John Himmelman's Stories' Stories
Book #22
A Guest is a Guest
by John Himmelman
May 1991
Dutton Books For Young Readers

The animals on the farm have moved into the home of the farmer family, the Beanbuckets. "A guest is a guest, and we must show them our best," is Farmer Beanbuckets oft-repeated refrain. Until it gets out of hand; then it's "When enough is enough, you have to get tough." Then the animals kick them out.

I was living on what was once a pig farm, which may have had something to do with the inspiration. We also had a bunch of dogs, cats, chickens, and ducks, which must have added some fuel. What I know for a fact, though, is that at some point the picture after the following one below popped into my head and I needed to write a story around it.
For Mom and Dad Shanahan
There are definitely some early shades of my "to the rescue" series that would come later with Holt Publishers. However, unlike the more recent books in which the farm animals are very helpful to the farmer family, the ones in this story are a huge pain, and quite inconsiderate.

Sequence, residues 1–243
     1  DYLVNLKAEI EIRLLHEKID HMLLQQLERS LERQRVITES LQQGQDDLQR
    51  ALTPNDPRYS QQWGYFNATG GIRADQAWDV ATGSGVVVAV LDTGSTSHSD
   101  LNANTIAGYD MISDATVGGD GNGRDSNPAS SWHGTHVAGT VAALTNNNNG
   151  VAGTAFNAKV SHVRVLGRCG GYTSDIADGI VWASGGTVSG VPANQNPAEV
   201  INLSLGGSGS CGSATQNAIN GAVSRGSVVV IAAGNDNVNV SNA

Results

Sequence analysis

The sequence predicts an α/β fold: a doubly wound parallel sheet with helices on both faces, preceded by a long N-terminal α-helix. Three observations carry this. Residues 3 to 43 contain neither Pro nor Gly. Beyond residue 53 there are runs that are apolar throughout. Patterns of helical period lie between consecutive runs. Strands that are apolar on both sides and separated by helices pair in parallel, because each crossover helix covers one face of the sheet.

It is in this book I begin to crowd scenes with characters attempting to steal your attention (although I did do this in some of the Buzby diningroom scenes), hoping to give the reader a reason to search the illustrations for various actions and characteristics. I do this more and more in books to come.
THIS is the picture that I wrote the story around. Having the human standing in line for the bathroom with a bunch of farm animals was just something I wanted to paint! From there, it was, "How do I get 
to this point?"

That's often how it goes - a single scene - a single image - becomes the destination (for the author or illustrator) in the story, even if more important things are taking 
place for the reader.
And they're out'ta there! The family eventually gets the animals out of the house by doing things the animals like to do when they're outside. They grow curious, and some, a little jealous, and move back out.
But the farmer family still love their animals. They're in the barn because that's where the TV was moved to get the horses and cows to follow. I guess today they'd all be on their cell phones.